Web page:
Two Hamilton councillors show their support for call to defund police

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Published June 16, 2020 at 8:14 pm

Two Hamilton councillors are showing their support for calls to defund police and reallocate those funds to social services.

Two Hamilton councillors are showing their support for calls to defund police and reallocate those funds to social services.

In a press release sent Tuesday (June 16), Ward 1 councillor Maureen Wilson and Ward 3 councillor Nrinder Nann said they will be making a public statement of their support on Facebook at 8:30 a.m on Wednesday.

The call to defund and disarm the police has gained international momentum in the wake of George Floyd’s death in Minneapolis under the knee of a white police officer in May.

The resulting anti-Black racism protests have reinvigorated the Black Lives Matter movement and one of the key rallying calls has been to defund police.

Defunding the police is the policy by which a significant portion of a community’s funding for police services to be redirected to community supports that address criminal determinants like poverty, homelessness and mental health.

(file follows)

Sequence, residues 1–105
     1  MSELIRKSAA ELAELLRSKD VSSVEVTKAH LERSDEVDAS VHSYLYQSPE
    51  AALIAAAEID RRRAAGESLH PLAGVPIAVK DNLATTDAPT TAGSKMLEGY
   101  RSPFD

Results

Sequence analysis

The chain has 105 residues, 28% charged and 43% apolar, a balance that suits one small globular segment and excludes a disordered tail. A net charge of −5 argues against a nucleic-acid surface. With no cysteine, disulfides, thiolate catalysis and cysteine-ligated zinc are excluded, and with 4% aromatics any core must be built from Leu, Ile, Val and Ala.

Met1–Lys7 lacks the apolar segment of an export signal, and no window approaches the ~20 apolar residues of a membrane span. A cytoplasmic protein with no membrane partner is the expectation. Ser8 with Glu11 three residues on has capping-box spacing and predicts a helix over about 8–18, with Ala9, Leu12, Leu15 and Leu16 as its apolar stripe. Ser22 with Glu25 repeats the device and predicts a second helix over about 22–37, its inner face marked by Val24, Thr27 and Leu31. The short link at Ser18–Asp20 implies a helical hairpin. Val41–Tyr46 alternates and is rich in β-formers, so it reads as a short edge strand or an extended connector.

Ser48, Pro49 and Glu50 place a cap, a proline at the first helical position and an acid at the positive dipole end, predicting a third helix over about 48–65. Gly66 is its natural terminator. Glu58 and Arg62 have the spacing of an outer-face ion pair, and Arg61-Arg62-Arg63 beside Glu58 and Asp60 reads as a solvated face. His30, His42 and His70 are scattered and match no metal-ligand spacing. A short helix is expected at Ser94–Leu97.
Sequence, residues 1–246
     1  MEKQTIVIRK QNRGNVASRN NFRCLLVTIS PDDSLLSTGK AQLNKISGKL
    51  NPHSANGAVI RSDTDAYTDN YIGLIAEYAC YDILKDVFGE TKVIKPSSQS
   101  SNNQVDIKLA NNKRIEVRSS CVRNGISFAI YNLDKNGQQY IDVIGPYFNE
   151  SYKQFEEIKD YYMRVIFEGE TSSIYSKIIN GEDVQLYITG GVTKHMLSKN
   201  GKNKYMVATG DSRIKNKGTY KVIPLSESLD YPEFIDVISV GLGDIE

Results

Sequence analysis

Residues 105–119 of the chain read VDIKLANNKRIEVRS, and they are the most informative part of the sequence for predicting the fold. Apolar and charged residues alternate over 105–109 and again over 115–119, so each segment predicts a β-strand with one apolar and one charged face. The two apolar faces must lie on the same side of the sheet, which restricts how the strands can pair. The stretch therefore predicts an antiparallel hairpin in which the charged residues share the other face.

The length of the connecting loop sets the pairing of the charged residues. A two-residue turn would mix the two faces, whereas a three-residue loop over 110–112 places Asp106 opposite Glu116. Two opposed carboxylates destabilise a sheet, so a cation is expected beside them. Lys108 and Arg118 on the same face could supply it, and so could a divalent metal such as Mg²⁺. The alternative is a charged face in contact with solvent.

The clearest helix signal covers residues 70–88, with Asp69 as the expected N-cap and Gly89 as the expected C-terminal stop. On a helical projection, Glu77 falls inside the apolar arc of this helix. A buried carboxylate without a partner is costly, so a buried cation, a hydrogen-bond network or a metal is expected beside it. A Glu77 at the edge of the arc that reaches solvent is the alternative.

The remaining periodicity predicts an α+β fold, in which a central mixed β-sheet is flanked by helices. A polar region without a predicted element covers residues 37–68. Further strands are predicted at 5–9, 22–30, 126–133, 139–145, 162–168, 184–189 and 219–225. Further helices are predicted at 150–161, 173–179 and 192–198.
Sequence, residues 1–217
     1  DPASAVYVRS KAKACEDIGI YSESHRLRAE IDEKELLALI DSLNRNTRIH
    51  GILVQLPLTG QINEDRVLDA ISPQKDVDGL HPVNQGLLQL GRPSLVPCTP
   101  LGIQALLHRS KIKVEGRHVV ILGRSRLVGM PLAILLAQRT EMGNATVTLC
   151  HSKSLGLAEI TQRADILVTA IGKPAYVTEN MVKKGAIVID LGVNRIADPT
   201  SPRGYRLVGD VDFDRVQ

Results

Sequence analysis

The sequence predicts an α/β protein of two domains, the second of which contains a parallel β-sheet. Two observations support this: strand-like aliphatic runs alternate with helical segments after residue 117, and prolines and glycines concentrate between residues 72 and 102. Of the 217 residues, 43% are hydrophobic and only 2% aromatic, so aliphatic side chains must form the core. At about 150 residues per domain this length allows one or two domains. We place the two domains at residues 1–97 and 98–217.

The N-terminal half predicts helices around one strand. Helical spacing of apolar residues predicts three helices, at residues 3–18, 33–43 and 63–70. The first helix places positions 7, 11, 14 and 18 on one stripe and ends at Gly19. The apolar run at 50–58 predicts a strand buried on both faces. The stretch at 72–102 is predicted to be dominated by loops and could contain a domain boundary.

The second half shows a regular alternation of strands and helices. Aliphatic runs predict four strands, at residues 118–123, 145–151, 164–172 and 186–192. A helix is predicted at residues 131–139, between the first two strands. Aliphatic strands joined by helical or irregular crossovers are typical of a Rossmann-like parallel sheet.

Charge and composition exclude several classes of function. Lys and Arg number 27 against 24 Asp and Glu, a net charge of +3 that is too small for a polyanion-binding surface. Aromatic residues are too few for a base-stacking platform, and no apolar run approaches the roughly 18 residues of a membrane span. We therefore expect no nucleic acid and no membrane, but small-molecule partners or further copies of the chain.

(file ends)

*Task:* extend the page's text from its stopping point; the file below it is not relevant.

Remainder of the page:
It also involves reducing the funds that go towards arming the police and potentially reducing the number of fatal incidents related to police response.

There have been several peaceful protests in Hamilton since the beginning of the month, one of the first was on June 2 when local activists coordinated a series of live stream videos at several locations across the city.

In the videos, the activists call for police defunding and disarming, as well as the reorganization of the province’s police watchdog organization, the Special Investigations Unit, and the firing of McMaster University’s head of security, former Hamilton Police chief Glenn De Cair,e who introduced the policy of carding to the police service.

The notion of defunding the Hamilton Police was batted around at the service’s board meeting last week.

During the meeting, councillor Chad Collins introduced a motion asking for a report on what a 20 per cent reduction to the Hamilton Police Services budget would look like,

In his remarks to introduce the motion, though, it was made clear that Collins’ intention was by no means to defund the police.

“I think those people who are advocating for those reductions need to know what they’re asking for,” he said.

“It’s my opinion that providing less resources for the police prevents or prohibits them from doing their job properly, and ultimately leads to reduced public safety.”

His voiced belief that abolishing the police was ‘nonsensical’ was echoed by fellow board members.

Nann and Wilson say they will be voicing their support for the call to defund police on their respective Facebook pages Wednesday morning at 8:30.

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